• Seattle bike share launches as mayor eyes expansion

    By: Natasha Chen/Maria Guerrero


    SEATTLE - Seattle's bike share program officially kicked off Monday at 1 p.m.

    But before it even started, the mayor already eyed an expansion and is requesting taxpayer money to do it.

    The mayor is asking the city council to approve $600,000 in city money to expand the program to lower income areas next summer: The Central District, Little Saigon and Yesler Terrace.

    Some say it’s worth it.

    Eric Smith of Ballard is among the first Pronto users.

    He recently tried the bike share program in Minneapolis and Washington D.C..

    "And it was really great being from out of town and having a transportation choice like that to get around. It was really easy," said Smith.

    Five-hundered bicycles will be parked at 50 stalls throughout the city - mainly downtown, Capitol Hill and the South Lake Union areas.

    Bike sharing Q & A

    Prices vary:

    $8 for a whole day, $16 for three days or an annual membership online for $85.

    Helmets are available in temporary bins next to the rental stalls. Once used, Pronto takes the removable inserts out from the helmets to clean.

    According to Pronto, the helmet cleaning process follows helmet manufacturing standards and includes being cleaned with mild soap and water and then being sprayed with a sanitizer. As an extra measure to illustrate to riders that helmets are clean, the sanitized helmets are sealed in clear bags prior to redistribution.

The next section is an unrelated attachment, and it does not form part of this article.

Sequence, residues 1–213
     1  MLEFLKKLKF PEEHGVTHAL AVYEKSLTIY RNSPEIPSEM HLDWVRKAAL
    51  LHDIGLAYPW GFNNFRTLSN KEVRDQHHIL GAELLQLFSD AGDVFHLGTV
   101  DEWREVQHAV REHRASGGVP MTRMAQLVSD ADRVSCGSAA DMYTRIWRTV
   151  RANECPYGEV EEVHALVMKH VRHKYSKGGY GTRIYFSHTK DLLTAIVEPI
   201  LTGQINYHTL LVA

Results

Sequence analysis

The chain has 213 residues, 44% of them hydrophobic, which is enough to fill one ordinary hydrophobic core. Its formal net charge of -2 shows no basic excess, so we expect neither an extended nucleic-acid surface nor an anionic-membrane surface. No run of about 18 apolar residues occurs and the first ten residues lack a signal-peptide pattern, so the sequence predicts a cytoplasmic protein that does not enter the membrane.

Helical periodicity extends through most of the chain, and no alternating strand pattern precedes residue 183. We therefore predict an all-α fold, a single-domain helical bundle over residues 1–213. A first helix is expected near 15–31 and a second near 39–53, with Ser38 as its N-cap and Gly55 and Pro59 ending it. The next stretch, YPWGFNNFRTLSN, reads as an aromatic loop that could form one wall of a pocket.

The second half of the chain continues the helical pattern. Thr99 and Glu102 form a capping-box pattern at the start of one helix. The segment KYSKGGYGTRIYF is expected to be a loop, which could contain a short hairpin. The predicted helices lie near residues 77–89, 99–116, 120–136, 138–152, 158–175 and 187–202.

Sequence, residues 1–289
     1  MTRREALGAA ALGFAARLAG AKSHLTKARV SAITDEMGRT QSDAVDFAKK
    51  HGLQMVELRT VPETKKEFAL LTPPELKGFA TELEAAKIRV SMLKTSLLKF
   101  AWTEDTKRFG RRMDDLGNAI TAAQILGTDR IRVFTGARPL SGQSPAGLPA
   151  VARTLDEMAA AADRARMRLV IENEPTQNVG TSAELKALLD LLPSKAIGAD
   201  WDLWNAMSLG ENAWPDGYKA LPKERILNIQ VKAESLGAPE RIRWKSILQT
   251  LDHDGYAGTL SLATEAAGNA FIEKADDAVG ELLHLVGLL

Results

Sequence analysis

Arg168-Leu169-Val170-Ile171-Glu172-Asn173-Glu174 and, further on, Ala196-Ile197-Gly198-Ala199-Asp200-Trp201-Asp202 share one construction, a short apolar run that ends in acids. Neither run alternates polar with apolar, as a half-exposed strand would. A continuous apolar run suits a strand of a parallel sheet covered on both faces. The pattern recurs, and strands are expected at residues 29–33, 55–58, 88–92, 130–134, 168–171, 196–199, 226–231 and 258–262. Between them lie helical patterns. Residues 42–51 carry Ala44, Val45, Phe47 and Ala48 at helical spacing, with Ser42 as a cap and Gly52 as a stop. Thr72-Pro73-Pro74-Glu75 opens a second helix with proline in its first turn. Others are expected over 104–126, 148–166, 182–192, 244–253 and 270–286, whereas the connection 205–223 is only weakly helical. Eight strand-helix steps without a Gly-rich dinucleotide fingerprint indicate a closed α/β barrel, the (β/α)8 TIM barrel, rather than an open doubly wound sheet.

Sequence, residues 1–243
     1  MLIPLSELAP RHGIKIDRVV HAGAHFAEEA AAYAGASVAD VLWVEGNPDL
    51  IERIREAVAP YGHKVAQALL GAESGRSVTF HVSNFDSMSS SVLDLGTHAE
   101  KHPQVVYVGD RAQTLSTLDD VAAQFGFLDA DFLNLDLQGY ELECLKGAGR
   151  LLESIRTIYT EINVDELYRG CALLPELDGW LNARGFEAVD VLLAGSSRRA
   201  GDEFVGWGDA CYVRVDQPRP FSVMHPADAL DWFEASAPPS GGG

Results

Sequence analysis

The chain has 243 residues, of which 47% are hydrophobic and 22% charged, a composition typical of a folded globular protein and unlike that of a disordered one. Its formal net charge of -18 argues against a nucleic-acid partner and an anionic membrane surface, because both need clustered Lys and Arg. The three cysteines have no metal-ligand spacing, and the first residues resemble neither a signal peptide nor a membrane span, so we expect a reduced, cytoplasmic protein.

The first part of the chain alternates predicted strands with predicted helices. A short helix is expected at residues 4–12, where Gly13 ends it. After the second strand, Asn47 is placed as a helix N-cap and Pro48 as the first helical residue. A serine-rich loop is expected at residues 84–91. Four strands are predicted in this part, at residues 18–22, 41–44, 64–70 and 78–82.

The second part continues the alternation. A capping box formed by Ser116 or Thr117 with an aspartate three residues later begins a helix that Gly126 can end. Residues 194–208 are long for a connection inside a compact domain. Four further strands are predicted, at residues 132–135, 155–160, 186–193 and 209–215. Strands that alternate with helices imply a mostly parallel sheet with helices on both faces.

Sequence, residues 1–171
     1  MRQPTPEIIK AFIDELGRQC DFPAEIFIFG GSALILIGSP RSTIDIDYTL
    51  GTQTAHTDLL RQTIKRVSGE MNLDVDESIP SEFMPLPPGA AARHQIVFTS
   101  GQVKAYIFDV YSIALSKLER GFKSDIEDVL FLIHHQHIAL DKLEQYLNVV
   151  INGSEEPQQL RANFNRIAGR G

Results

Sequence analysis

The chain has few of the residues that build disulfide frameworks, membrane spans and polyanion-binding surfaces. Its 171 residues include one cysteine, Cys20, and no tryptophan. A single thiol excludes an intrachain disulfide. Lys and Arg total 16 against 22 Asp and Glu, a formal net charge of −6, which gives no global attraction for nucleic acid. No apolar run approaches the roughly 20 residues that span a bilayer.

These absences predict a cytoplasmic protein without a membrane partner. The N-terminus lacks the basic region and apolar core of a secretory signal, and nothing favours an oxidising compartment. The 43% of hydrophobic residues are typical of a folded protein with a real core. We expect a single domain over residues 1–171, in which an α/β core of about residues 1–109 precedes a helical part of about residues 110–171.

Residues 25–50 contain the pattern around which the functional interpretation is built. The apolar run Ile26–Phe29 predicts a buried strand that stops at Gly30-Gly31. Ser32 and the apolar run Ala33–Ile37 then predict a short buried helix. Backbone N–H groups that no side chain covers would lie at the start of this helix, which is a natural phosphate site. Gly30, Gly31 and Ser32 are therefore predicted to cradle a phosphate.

While the helmets are currently loaned on the honor system, a vending machine will be added in 2015 to dispense the helmets for a $2 fee, or $1.50 fee for members.

    "The best part about it is seeing the community's excitement around this," said Holly Houser, executive director of the non-profit Pronto.

    We asked Houser to go over some logistics like ensuring the bicycles are returned.

    She explained that anytime you check out a bike, you'll pay with a debit or credit card.

    The card information will be kept on file.

    “All bikes have chips in them,” said Houser. “If you don't return your bike after 24 hours you do get charged the full amount of the bike which is about $1,200. So there's good incentive to return your bike!"

    If the bike is stolen, you must contact Pronto within 24 hours and you may have to file a police report.

    Hauser told KIRO 7 there should be low incentive to steal the bikes to sell for parts, because a special, proprietary tool is needed to dismantle the bike.

    “They also have very specific parts that can't be tampered with and can't be used on other bikes,” Hauser said.

    KIRO 7 also asked Pronto Cycle Share about operating costs, since similar programs around the country have reported financial losses.

    A spokesperson said Pronto does not expect to operate at a loss: “Unlike some other U.S. bike share systems, Pronto is an independent nonprofit that operates with both public and private funding.”

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